With the new middle school, changes are being made in water service in that area. Those changes are causing some concern for Rural Water District No. 3, which services that area.
Because of the needs of the new middle school and the annexation of that land by the city of El Dorado, the city will be serving them with water. Previously the area was served by RWD No. 3.
"We have been trying to negotiate with the city the last nine months and we have had one meeting with Herb (Llewellyn, city manager) and his constituents where we have offered probably a half dozen different proposals for him," said Bruce McCabe, chair of the RWD No. 3 board. "The only thing we have gotten back is we will give you $5,000 for the pipe under the road, otherwise you guys are crazy. That is not helping our talking back and forth between the city and water districts as far as making good transitions on deals."
He said the city was involved in creating the guidelines for transfer of land between cities and water districts.
"None of this has really been followed," McCabe said. "We should have had this settled. At the rate we're going, it's probably going to be in court. I would hope that you guys would try to put some pressure and have some meaningful negotiations with the water district and usage and infrastructure down there now."
McCabe has talked with the Kansas Rural Water Association in Topeka and he said he had some information to pass on to the city commission.
"The rural water districts have no tax base, receive no federal or state funding," he said.
He said they borrow money from the USDA when needed and repay the debt with the monthly minimum charge to their customers. The maintenance and repairs are supposed to be paid only with the cost per 1,000 gallons, but he said that is not the case anymore.
"Our water district is having to use our base rate to keep everything in the black so far," he said. "I know your rate for the city is $1.68 per thousand. Our customers pay $6.50 now."
Mayor Mike Fagg said he would like to have the information McCabe had in writing so they could review it.
Llewellyn also pointed out Kurt Bookout, public utilities director, has had several conversations with the KRWA.
In regards to the insinuation the city was being punitive to the water districts, Llewellyn pointed out in the last 22 years they have always charged people outside the city more for water.
"Kurt and I have tried to get rid of all of the two-times (the amount) contracts," Llewellyn said. "We haven't been successful yet. The insinuation we are being punitive is just that, it is insinuation. It doesn't have any fact to base it on."
Page 2 of 3 - Bookout also emphasized they have always had a good relationship with the rural water districts.
"This problem arose because the school district asked us to annex the land north of town," Bookout said. "They wanted good flow; something the rural water district couldn't provide. We did that."
He said the city engineer went to the first meeting with the rural water district to let them know they were prepared to extend a water line and returned when their attendance was requested.
Bookout said he asked the KRWA president what was fair, and he was told, "As long as you're annexing a territory, you can serve it. You don't have to ask."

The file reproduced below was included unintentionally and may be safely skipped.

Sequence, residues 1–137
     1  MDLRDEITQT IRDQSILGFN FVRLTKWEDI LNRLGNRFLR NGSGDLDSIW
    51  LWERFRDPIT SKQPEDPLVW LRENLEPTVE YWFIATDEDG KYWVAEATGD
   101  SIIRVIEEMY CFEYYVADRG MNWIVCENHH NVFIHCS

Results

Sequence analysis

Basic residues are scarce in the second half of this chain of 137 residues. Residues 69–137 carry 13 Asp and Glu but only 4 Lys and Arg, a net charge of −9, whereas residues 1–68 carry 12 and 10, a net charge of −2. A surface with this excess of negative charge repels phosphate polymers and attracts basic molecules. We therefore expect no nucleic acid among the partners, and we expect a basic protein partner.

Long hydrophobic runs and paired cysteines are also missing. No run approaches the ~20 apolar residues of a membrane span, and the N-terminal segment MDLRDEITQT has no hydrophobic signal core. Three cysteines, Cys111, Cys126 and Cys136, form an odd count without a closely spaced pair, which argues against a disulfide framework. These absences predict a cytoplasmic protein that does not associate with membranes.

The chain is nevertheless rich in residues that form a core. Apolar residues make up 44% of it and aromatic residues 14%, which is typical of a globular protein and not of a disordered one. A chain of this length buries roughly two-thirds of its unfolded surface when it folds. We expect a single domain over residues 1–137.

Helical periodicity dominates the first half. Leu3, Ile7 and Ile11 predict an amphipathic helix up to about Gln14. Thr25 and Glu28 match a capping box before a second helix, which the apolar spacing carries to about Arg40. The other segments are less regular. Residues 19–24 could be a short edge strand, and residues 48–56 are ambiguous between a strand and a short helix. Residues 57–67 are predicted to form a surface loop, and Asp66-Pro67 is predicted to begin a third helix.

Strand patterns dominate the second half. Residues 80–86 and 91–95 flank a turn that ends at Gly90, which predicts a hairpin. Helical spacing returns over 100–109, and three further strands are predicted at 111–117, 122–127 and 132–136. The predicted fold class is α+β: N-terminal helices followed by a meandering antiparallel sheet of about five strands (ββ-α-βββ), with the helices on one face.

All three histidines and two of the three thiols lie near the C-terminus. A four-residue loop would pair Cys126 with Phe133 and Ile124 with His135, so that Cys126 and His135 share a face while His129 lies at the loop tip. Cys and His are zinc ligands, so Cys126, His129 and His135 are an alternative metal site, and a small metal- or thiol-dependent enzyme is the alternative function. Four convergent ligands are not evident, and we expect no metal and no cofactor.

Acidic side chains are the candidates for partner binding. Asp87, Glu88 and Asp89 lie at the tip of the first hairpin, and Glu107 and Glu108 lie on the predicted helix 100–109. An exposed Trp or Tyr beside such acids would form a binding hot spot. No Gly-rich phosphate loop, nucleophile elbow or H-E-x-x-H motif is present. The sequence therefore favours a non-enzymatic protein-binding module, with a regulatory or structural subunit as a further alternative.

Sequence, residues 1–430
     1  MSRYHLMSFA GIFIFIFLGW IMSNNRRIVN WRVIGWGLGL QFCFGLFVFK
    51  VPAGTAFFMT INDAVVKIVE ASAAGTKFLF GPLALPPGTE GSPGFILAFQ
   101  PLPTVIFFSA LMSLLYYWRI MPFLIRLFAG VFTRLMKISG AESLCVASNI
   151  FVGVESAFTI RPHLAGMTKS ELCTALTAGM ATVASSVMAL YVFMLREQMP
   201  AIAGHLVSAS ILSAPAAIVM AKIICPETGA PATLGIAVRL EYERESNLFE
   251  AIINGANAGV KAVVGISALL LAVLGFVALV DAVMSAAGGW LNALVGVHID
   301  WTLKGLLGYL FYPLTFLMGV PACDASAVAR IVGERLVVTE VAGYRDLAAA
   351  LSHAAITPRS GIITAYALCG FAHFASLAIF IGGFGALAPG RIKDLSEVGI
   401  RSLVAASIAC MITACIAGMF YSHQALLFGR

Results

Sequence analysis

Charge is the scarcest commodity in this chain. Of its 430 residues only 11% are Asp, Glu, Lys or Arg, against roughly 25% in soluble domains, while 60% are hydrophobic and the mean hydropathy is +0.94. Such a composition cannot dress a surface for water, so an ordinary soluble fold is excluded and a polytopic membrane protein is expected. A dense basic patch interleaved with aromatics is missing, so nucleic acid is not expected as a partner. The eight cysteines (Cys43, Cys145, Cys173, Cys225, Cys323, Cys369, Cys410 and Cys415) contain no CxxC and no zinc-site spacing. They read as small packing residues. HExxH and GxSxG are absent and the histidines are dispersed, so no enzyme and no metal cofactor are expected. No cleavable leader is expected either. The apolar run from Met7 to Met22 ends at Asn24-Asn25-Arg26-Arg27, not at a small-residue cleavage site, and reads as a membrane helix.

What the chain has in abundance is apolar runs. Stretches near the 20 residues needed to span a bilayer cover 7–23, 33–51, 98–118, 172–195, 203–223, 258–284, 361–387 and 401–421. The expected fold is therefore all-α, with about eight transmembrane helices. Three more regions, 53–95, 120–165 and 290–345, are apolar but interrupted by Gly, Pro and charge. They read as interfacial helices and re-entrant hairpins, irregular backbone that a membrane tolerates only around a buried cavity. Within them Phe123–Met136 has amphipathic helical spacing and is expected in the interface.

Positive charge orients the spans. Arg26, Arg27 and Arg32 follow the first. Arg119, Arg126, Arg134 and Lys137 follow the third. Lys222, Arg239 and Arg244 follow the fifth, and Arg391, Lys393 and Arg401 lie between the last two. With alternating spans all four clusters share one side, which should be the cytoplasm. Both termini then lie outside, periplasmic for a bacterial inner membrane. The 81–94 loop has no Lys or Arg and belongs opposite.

"They didn't have the infrastructure to serve that middle school, and we didn't annex it, it was requested to be annexed," Bookout continued. "We attended two other meetings with the rural water districts.
He said one of the primary concerns for the city and a rural water district is what is in the best interest of the customers.
"He (the KRWA president) emphasized rural water districts were created to serve farmers with good water who didn't have it," Bookout said. "It is not designed to serve high density subdivisions. He said rural water districts need to keep that in mind as cities grow and there are territory disputes."
Llewellyn also pointed out the process was not done in a vacuum. He said the commission was made aware of the offers and discussed it in executive session.
"I would like to see you, Herb, and Kurt and Rural Water District 3 and maybe the KRWA president be here and have a good discussion," Fagg said. "I think we need to keep talking until we understand each other thoroughly."
McCabe thought that was a good idea.
Llewellyn said he would look back and see what the commission had agreed to when they talked about the issue.
"I think we ought to get into some discussion and get the ball rolling," agreed Commissioner David Chapin. "We've got to end it somewhere whether in a mutual agreement or court. It doesn't hurt to talk, talk is cheap."
Commissioner Bill Young was concerned about the discussion going any further in the open meeting.
"I think we were sent a proposal from the Rural Water District 3 attorney," he said. "We reviewed it in executive session. If we are going to continue we need to adjourn into executive session to discuss it. It is a legal issue to be discussed in executive and not something we should be talking about out here."
Llewellyn pointed out since they have been told this case may end up in court that is always a protected discussion to have in executive session.
Page 3 of 3 - Fagg said he would like to look at the information McCabe had presented then hold an executive session later.
"The conversation has gone as far as it needs to on camera now," Young said. "I feel like the discussion in regards to the middle school and pipeline needs to be continued in executive session, just not out here."
The commission will continue the discussion at a later date in executive session.
Julie Clements can be reached at email@example.com.